The ideology (…) serves to rationalize and to justify all irrationality and immorality that exist within a society. At the same time the ideology, containing in itself the frozen idea, as it were, satisfies the adherents of the system; they believe themselves to be in touch with the most fundamental needs of man, with love, freedom, equality, brotherliness―because they hear and say these words. And at the same time, however, the ideology also preserves these ideas. While they become rituals they nevertheless remain expressed; they can become living ideas again when the historical situation enables man to awaken and to experience again as real that which had become an idol. When the ideology ceases to be a ritual, when it becomes connected again with individual and social reality, then it is retransformed from ideology into an idea. It is as if the ideology were a seed, resting for years in sand and then transplanted into fertile ground where it grows again. An ideology, then, is at the same time a deceptive substitute for an idea and its preservation, until the time has come for its revival. ― (1961a: May Man Prevail? An Inquiry into the Facts and Fictions of Foreign Policy, New York (Doubleday) 1961, pp. 124f.)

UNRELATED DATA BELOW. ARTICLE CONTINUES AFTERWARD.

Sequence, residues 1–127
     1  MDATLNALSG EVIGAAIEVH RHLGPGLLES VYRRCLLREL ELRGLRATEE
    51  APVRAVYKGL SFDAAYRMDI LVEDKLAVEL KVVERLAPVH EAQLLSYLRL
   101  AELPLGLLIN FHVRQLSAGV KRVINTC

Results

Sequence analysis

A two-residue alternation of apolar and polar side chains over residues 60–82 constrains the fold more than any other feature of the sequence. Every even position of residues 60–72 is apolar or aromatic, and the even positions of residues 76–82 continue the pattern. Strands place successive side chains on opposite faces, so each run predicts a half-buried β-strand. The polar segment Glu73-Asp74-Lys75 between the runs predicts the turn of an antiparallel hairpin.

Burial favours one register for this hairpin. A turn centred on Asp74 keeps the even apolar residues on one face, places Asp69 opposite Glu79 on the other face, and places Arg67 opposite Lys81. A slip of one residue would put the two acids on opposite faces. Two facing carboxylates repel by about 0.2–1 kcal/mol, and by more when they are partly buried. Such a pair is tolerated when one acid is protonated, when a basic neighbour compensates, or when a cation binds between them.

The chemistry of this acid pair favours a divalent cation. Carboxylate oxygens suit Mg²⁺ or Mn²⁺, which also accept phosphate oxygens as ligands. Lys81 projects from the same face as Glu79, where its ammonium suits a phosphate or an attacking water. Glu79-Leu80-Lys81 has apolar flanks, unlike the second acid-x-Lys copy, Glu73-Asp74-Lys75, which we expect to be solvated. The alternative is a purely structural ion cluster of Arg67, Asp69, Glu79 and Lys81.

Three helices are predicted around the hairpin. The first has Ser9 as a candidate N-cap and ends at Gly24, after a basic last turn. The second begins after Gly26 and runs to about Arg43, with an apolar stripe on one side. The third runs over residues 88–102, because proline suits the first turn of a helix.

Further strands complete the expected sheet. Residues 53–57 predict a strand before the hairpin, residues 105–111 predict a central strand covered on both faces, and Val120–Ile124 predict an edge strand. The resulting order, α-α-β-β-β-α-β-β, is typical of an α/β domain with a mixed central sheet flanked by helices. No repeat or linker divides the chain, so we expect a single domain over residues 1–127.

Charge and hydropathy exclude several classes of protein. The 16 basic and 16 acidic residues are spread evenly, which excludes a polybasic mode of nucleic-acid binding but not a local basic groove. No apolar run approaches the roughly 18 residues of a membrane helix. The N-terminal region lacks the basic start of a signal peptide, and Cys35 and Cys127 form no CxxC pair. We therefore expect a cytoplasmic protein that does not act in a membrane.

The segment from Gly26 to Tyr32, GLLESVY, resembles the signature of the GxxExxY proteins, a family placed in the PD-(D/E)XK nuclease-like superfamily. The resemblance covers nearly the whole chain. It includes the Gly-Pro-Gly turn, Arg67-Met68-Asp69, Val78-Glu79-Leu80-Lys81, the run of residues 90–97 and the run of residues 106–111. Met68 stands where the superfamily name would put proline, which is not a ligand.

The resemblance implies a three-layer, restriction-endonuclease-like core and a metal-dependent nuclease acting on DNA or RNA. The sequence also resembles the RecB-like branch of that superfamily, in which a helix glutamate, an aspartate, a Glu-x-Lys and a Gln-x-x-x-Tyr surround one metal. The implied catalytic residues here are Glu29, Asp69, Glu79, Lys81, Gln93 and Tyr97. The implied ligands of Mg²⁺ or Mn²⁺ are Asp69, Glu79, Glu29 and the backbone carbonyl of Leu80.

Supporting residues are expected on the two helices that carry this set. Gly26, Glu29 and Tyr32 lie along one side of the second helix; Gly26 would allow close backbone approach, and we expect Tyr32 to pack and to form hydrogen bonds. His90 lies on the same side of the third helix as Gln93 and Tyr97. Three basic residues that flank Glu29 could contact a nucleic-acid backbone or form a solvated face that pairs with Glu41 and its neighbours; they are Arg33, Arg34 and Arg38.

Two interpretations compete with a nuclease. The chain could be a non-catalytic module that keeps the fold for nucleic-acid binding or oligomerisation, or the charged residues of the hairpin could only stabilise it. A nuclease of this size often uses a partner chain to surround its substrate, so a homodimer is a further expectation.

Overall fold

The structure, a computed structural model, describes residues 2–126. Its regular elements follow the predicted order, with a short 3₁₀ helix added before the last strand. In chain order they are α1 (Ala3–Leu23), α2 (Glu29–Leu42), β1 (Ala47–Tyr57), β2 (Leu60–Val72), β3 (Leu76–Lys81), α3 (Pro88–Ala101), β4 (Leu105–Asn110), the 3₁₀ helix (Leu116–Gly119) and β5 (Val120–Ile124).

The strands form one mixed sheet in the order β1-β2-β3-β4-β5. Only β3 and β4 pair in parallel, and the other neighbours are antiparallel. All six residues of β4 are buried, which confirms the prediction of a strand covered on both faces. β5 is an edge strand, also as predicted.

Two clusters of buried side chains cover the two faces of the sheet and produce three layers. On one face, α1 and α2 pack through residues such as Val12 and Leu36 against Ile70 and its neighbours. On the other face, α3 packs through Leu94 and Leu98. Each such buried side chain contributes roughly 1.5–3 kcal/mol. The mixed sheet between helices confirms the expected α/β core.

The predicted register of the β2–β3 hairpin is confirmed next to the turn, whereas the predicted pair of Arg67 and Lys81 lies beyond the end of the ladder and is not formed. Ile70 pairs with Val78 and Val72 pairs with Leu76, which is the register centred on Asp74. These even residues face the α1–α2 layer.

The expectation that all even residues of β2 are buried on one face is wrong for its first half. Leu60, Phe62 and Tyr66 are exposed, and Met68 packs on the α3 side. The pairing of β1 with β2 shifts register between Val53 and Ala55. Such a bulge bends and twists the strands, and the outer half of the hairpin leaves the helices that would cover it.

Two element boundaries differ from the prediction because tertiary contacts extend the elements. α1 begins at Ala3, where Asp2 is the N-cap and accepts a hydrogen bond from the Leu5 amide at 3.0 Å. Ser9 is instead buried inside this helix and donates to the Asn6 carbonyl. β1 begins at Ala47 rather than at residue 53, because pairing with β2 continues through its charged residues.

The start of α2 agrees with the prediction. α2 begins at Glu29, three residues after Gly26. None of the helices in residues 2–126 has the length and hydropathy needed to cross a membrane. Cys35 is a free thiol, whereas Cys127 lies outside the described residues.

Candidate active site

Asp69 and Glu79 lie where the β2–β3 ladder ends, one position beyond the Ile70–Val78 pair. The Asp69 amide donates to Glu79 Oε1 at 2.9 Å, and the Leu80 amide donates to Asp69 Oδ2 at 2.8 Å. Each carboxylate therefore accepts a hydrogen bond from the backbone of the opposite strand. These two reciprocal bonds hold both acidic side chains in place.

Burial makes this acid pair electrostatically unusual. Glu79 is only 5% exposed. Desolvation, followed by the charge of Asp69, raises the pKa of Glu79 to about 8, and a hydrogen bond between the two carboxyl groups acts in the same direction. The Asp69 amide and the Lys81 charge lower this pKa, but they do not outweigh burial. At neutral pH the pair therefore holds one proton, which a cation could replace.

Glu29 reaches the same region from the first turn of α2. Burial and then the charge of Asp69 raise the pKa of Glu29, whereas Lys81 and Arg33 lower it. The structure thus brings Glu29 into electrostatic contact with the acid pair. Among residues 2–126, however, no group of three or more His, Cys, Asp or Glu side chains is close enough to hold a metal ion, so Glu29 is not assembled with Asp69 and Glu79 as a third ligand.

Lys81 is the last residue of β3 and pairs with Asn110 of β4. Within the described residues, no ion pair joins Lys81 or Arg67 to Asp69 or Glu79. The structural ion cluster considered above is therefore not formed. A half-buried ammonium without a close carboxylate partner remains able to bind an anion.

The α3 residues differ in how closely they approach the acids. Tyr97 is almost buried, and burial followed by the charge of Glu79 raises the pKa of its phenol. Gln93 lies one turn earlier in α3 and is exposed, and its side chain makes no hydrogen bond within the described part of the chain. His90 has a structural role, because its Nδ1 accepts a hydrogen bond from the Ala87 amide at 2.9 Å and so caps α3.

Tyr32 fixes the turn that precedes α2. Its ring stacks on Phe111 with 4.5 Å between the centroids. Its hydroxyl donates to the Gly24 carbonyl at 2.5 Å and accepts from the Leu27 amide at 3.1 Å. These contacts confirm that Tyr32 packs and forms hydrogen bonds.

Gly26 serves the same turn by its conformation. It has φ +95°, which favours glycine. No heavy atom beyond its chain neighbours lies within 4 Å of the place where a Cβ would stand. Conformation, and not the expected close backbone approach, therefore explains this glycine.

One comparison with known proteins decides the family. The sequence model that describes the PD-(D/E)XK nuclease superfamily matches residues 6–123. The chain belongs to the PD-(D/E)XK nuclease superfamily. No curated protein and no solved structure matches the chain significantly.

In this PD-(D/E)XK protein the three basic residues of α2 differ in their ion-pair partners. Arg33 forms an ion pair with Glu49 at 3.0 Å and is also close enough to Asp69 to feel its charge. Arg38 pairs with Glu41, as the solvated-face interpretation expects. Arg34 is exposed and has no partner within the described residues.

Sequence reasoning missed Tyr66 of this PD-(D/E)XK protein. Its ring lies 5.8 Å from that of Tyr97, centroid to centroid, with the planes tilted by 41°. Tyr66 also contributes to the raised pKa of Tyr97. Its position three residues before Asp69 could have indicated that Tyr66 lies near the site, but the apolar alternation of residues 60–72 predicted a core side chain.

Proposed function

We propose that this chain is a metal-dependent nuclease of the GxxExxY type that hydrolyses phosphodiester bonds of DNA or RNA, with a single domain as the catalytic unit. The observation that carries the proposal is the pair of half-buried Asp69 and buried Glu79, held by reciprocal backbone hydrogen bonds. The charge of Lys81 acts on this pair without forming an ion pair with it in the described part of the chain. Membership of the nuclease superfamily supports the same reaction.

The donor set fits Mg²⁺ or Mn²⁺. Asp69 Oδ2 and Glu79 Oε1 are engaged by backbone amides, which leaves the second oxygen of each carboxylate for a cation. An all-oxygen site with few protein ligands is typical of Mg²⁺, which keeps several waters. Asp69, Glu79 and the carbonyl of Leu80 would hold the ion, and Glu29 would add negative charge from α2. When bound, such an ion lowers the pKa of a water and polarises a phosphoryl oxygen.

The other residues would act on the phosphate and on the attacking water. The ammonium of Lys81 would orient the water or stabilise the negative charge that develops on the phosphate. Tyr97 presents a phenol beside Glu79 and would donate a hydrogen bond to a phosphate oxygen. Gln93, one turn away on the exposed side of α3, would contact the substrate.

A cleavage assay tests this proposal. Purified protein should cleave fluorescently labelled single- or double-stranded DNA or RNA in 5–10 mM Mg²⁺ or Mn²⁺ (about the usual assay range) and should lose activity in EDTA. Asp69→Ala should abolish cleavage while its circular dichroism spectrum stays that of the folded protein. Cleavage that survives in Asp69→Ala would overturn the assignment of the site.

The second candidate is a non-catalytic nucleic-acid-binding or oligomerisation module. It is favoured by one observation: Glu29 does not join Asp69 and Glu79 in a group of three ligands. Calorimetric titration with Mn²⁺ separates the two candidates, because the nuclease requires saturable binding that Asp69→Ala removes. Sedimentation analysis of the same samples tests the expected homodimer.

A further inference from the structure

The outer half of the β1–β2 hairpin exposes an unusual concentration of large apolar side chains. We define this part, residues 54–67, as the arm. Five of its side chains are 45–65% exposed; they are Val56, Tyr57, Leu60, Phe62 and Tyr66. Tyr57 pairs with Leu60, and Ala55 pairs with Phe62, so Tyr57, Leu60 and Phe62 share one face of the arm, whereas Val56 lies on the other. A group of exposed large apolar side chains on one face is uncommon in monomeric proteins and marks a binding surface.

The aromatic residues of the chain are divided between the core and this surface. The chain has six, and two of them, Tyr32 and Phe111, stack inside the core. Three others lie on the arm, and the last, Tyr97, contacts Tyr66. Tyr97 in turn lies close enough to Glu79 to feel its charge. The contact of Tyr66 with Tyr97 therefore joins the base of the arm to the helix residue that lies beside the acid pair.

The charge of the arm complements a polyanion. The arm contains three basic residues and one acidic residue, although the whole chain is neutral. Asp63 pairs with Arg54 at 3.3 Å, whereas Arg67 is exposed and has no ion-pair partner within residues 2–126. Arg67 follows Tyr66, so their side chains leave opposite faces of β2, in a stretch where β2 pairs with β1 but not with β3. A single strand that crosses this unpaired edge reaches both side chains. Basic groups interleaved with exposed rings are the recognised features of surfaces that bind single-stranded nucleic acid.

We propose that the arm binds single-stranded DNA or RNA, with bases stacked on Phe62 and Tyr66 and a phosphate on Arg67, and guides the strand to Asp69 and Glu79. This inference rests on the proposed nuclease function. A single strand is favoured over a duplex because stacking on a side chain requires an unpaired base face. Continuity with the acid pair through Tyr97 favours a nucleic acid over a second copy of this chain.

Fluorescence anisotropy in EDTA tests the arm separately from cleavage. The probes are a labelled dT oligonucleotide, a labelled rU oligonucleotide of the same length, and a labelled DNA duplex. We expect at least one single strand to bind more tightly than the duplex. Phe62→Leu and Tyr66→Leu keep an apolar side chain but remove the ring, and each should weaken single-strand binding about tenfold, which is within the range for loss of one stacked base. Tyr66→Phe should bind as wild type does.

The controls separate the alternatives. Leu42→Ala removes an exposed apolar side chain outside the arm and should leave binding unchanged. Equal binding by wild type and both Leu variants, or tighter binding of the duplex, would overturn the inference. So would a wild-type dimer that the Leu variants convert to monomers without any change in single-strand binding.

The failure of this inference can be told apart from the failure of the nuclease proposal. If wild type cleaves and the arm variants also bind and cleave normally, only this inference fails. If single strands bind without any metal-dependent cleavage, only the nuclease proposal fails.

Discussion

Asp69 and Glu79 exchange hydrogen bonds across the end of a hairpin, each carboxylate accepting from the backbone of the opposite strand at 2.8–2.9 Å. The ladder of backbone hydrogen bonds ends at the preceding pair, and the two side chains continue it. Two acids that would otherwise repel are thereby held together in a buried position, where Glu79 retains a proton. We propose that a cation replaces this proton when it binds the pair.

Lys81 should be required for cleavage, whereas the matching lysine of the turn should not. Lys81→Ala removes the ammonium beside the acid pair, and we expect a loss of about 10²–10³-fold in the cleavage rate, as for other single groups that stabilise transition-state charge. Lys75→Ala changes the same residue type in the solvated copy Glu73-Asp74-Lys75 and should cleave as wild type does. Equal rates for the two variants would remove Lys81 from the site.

The task of critique is not to denounce the ideals, but to show their transformation into ideologies, and to challenge the ideology in the name of the betrayed ideal. ― (1962a: Beyond the Chains of Illusion. My Encounter with Marx and Freud (Credo Perspectives, planned and edited by Ruth Nanda Anshen), New York (Simon and Schuster) 1962, p. 134.)